Oriental Plover

Scientific Name: Charadrius veredus
Malay Name: Rapang Padang Asia Timur
Chinese Name: 东方鸻

Range:
Found from Siberia to Mongolia and northern China, wintering to Southeast Asia and Australia

Taxonomy:
Monotypic

Size: 22-25 cm

Identification: Non-breeding adult resembles Lesser and Greater Sand Plovers but larger and slimmer-looking with longer neck, legs and wings, more slender bill, upper breast buffish-brown, longer and more pronounced supercilium and yellowish-orange legs and feet. Male in breeding plumage has mostly whitish head and neck with distinctive rufous-chestnut breast-band and broad black lower border. Female in breeding plumage resembles non-breeding adult but with rufescent wash at upper breast.

Similar looking speciesLesser Sand PloverGreater Sand Plover

Habitat: Mudflats, sandy shores and open grasslands.

Behaviour/Ecology: Associates with other feeding shorebirds, especially Lesser Sand Plover.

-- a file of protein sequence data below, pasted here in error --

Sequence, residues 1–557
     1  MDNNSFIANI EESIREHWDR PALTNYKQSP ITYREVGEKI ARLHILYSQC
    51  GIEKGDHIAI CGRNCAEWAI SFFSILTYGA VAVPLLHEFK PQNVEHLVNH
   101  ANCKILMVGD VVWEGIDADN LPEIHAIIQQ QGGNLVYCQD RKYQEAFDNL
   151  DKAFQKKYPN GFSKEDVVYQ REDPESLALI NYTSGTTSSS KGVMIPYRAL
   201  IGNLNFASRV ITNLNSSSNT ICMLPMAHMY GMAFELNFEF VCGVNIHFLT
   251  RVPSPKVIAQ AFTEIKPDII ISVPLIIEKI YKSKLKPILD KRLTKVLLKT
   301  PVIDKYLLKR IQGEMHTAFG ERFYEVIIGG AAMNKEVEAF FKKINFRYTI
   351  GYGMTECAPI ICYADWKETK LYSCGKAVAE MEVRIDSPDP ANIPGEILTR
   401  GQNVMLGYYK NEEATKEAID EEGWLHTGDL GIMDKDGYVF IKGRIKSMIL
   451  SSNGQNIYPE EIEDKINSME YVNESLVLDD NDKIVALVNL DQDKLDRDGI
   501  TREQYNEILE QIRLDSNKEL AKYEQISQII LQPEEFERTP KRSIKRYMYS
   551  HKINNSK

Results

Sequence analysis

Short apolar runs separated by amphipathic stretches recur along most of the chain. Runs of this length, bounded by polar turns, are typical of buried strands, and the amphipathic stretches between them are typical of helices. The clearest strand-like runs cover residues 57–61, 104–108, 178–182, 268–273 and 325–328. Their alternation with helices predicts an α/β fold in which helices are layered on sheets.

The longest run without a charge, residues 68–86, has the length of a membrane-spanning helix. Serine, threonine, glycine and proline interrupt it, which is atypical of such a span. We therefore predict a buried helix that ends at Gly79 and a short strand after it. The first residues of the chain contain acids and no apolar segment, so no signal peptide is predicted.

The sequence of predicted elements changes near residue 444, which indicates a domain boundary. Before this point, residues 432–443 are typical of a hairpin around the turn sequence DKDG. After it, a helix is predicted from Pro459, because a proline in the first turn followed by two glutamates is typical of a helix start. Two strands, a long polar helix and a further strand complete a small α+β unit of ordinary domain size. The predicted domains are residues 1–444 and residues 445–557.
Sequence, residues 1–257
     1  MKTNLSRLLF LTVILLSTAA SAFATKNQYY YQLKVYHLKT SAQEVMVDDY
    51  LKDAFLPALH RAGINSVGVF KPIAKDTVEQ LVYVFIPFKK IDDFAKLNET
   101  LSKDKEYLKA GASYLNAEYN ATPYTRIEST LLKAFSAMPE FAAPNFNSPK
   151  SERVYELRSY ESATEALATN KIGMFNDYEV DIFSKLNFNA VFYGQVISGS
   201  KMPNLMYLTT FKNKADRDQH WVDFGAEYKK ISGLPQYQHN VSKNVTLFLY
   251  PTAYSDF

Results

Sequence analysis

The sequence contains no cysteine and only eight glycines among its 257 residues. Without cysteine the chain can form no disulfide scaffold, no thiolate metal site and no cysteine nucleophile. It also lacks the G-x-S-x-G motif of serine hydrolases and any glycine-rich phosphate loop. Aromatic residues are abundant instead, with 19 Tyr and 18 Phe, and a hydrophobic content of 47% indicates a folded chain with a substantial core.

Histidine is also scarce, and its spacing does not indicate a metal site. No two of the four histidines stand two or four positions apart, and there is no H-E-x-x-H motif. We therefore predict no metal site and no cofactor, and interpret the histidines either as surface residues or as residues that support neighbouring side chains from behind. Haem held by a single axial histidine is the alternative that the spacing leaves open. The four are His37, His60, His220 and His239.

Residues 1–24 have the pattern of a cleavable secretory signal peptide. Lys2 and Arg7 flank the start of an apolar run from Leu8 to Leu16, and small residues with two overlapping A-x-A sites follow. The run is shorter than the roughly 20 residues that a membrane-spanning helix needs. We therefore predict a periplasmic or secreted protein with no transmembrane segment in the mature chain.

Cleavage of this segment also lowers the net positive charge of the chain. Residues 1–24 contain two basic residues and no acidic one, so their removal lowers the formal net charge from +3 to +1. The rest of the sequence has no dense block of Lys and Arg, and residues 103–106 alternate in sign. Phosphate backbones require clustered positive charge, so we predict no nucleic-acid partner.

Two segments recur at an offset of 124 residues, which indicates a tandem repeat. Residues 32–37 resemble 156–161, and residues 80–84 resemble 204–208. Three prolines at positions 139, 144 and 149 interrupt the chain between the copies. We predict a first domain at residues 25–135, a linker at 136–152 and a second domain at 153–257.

Local Status: Very rare migrant

Conservation Status: Least Concern (IUCN 3.1)

Location:

There were two 19th century specimen records of four birds, and at least six records of single birds since then:

1985 – one at Changi North from 17 November to 1 December                               

1986 – presume the same bird at Changi North from 16-22 February               

1999 – one at Seletar Estuary from 1-2 March                                                             

2006 – one at Changi Coast on 21 October                                                                       

2008 – one at Changi Cove from 1 February to 14 March                                             

2012 – one at Seletar Dam in October                                                                                         

2020 – one at Chek Jawa, Pulau Ubin from 19-20 October 

Photos:

External Links:
Conservation Status: IUCN Red List Page
Photos: Oriental Bird Images
Sound Recordings: xeno-canto Link
Wikipedia Entry: Wikipedia Link

Reference:
Lim, Kim Seng (2009) The Avifauna of Singapore                                                         Craig Robson (2011) A Field Guide to the Birds of South-East Asia
Allen Jeyarajasingam & Alan Pearson (2012) A Field Guide to the Birds of Peninsular Malaysia and Singapore